Sunday, September 7. Washington City. — Left the suburbs of Washington to go on Leesboro Road about twelve to fifteen miles. Road full of horse, foot, and artillery, baggage and ambulance waggons. Dust, heat, and thirst. "The Grand Army of the Potomac" appeared to bad advantage by the side of our troops. Men were lost [...]
September 6. Saturday. — Left Upton's Hill at 7:30 A. M. Marched through Georgetown and Washington to the outskirts of Washington towards Leesboro Road, a very dusty, hot, oppressive day; Twenty-third in the rear. Men kept well closed up through Washington but stopped at a grove, near where we stopped to camp, in large numbers. [...]
Friday, September 5, 1862, 9 A. M. — Distant firing heard towards Leesburg and up the Potomac. A warm fine day. P. M. Received orders to be ready to march immediately; to cook three days' rations, etc. Understood to be to join Burnside.
Thursday, September 4. — A cheerful bright morning and a sound sleep dispels the gloom resting on my views of the future. During the night a courier came to my tent saying that two thousand of our wounded are in the hands of the enemy and are starving! The enemy is in bad condition for [...]
Wednesday, September 3. — No alarm last night. Enemy quiet in front. A little firing near [the] chain bridge, supposed to be feeling of our position. It is rumored that the main body is going up the Potomac to cross. Many men last evening in the retreating ranks were ready to hiss McDowell. P. M. [...]
Tuesday, September 2, 1862. Upton's. — A clear, cold, windy day; bracing and Northern. No news except a rumor that the armies are both busy gathering up wounded and burying dead; that the enemy hold rather more of the battlefield than we do. 12:30 P. M. — I have seen several accounts of the late [...]
Upton's Hill, Near Washington, September 1, 1862. Dearest: — Very severe battles were fought day before yesterday and the day before that a few miles west of here. The roar could be heard in our camp the greater part of each day. We are six or eight miles west of Washington over the Potomac in [...]
Upton's Hill (near Washington), August 31. — Mustered the men for July and August. A rainy, cool day. The great battle of yesterday and the day before, so near here that we heard the roar distinctly, is supposed to have resulted favorably to our arms. How decisively is not yet known here. We hear all [...]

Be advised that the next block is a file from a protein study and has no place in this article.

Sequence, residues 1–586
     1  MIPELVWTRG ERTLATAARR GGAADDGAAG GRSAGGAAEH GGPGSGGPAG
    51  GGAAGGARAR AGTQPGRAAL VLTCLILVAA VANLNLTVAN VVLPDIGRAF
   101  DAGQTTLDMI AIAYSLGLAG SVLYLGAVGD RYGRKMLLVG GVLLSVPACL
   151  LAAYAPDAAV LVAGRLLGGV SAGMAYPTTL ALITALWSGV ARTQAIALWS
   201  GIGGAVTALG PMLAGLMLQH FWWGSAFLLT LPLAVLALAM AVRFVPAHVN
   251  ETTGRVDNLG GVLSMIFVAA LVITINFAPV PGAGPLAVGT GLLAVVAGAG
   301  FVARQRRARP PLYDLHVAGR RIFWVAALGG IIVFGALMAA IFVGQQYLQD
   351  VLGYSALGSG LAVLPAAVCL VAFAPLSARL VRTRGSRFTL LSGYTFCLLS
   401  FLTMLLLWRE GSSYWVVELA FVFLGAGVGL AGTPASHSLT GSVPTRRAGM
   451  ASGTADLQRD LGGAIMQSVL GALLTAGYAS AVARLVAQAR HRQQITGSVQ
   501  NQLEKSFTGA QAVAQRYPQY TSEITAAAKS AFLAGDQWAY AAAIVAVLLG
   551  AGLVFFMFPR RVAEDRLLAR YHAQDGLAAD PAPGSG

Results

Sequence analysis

Camp near Upton's Hill, near Falls Church, on road to Manassas, August 30, 1862. — All or nearly all day we have heard cannon firing, as is supposed, in direction of Manassas Junction. It is believed that General Jackson is fighting Pope. The firing was heard yesterday a considerable part of the day. We all [...]
Wednesday, [August] 27 [and Thursday, 28th,] at Alexandria. No great difference from time in Washington, but much less agreeable. Friday, 29th, marched to Munson's Hill and bivouacked. Saturday, 30th, put up our tents between Forts Ramsay and [Buffalo] at Upton's Hill. On Friday, fighting heard west and southwest of us — supposed to be at [...]
MONDAY, [August] 25 and Tuesday, 26.— In Washington. Here all arrangements connected with army matters are perfect. An efficient military police or patrol arrests all men and officers not authorized to be absent from their regiments, and either returns them to their regiments or puts them under guard and gives notice of their place. A [...]
Washington City, August 25, 1862. Dearest: — We arrived here after ten days' marching and travelling, this morning. We go over to Alexandria in an hour or two to take our place in General Sturges' Army Corps of General Pope's Command. Colonel Scammon leads the First Brigade of General Cox's Division in the new position. [...]